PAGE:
Collaboration is at the heart of the creative process for Toronto’s Treaty Design. Since their official launch in January of this year they have received many accolades and been afforded incredible opportunities within their field including exhibiting at Milan Design Week, receiving the Caesarstone People’s Choice Award for the Design Exchange Emerging Designer Competition and the Juror’s Award at the 2014 Toronto Design Offsite Festival.

We got to tag along with Production Designer and Partner Matthew Cherkas (M) as he visited some of their local production partners and then caught up with Creative Director Vincent Joseph Manestero (V) to dive deeper into their inspirations, partnerships, and love of localized design.

Can you tell me about your background respectively?

Matthew: I went to OCAD for Industrial Design after doing a year at Sheridan figuring out how to draw, paint and do 3D work. At OCAD I went through industrial design and took furniture classes. I had classes with Gord Peteran and Tristan Zimmerman, two inspirational instructors for me. I worked for Tristan a little bit for his Science and Sons business, which was such an awesome experience.

Vincent: I also graduated from ID at OCAD. Afterwards I worked there in a few capacities including in the woodshop as a class assistant. That was a fantastic spot to work in after graduating because it meant everyday I was working with my hands and on machines. I wanted to more intimately understand the process of how things are made so that I had more confidence in incorporating manufacturing techniques and the qualities of materials into my designs. After that I found a space of my own in a woodshop full of veteran woodworkers. There was a dirty corner full of storage stuff, and with a few friends I negotiated to clean up and rent that dirty corner. I spent the next few years there learning how to put things together.

How did you end up starting a company together?

V: During my time at OCAD, Gord Peteran brought some of my work down to The Interior Design Show. Talking to people and seeing their reactions to my work was so important for me. I wanted to create an opportunity for other students to exhibit during Design Week so I co-founded an exhibition called Tables, Chairs and Other Objects. I knew I wanted to hand the project off to someone and Gord recommended Matthew. He was the only one who had a real passion for it and was committed to showing up. That year, we spent way too many hours making a shower of flowers for the window display piece. That was the first time we hung out and realized we could really work together.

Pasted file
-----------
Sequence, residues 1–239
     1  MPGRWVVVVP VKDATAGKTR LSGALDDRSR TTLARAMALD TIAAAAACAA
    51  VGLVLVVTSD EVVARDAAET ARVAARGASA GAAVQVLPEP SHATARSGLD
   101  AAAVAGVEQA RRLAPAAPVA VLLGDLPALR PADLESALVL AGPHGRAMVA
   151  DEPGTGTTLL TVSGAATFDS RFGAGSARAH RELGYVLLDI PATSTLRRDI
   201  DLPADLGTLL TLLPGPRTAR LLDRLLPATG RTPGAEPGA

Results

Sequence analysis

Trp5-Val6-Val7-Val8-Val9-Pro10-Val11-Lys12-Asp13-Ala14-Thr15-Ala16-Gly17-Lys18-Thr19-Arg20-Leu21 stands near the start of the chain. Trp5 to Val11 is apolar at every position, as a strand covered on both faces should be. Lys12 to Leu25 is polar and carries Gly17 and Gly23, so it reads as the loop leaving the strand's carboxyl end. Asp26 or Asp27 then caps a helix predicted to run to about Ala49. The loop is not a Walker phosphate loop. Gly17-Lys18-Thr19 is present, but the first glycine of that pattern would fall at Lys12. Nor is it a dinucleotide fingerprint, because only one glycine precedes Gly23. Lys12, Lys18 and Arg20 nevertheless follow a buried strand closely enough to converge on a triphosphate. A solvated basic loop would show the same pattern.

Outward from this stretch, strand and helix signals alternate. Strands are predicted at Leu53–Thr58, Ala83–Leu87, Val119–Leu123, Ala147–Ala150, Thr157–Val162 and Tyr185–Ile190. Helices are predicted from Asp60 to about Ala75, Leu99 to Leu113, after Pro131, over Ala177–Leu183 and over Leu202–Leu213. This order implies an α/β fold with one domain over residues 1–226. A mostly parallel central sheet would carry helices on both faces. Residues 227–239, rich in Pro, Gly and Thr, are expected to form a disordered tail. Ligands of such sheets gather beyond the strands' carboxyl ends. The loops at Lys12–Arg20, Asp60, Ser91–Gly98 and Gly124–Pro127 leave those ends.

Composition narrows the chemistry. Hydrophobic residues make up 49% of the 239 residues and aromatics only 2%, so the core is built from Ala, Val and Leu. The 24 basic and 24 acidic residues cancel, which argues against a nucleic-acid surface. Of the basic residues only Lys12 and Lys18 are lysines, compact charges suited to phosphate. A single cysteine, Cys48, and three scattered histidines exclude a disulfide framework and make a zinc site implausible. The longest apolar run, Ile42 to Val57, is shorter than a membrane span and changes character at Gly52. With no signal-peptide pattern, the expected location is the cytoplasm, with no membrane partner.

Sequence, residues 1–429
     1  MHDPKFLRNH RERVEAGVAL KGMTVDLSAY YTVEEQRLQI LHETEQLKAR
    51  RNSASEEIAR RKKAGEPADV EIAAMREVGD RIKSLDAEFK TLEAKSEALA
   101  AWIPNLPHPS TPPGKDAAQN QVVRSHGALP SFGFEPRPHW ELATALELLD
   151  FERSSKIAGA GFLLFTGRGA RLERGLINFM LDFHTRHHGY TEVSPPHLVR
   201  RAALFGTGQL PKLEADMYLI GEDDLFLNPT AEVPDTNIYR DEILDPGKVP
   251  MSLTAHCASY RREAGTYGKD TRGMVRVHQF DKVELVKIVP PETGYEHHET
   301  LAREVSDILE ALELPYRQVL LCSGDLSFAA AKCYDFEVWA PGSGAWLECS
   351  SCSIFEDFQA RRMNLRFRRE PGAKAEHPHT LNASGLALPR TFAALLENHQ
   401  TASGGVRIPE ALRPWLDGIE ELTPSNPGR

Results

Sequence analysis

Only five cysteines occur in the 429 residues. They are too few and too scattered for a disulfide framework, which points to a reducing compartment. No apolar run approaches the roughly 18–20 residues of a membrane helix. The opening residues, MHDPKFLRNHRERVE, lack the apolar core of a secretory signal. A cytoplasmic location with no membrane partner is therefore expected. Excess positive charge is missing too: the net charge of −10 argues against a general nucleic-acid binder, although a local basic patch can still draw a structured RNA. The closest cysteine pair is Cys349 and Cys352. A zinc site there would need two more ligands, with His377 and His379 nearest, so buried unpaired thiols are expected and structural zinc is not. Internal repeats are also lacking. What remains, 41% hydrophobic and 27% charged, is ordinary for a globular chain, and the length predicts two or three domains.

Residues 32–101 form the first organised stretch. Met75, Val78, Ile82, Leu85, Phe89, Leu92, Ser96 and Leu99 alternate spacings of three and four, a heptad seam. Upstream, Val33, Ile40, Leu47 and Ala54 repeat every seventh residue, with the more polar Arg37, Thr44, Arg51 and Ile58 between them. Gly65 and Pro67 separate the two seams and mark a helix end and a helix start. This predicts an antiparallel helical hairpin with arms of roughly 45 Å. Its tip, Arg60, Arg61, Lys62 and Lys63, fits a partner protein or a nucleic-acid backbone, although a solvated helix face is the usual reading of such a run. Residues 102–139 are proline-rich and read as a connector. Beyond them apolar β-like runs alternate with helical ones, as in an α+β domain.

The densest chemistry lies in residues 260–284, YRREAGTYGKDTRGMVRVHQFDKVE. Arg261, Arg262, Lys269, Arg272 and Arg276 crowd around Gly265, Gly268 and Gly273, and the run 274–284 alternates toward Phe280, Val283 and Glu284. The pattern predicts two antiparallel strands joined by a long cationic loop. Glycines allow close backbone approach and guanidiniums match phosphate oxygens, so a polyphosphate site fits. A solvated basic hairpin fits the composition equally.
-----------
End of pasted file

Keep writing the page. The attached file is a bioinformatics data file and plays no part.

M: Before that he thought I was just a hipster with a mustache who hung out on the fifth floor.

V: A nice guy with an obnoxious mustache! We had over 600 people come, which was totally intentional because we marketed it well and made a big fuss.  It had so many students with friends who were proud, so it turned into this big celebration for all of us.

Ok, then what happened?

V: I was invited by Benetton to be part of the team for a few weeks at Fabrica, their research centre near Treviso, Italy. Going out there and seeing their production speed and how ambitious their projects were inspired me to move faster, think bigger and get work done. They pushed me hard and showed me the kind of impact design can have. After the success we had with Tables and Chairs it was natural to bring Matthew back into my design efforts. Him not wanting to slit my throat after spending 22 hours of every day together was a good sign! We didn’t have a name for anything; we just worked on stuff that we wanted to see and started to be ambitious about the kinds of narratives we wanted to present through objects and furniture. We said something stupid like…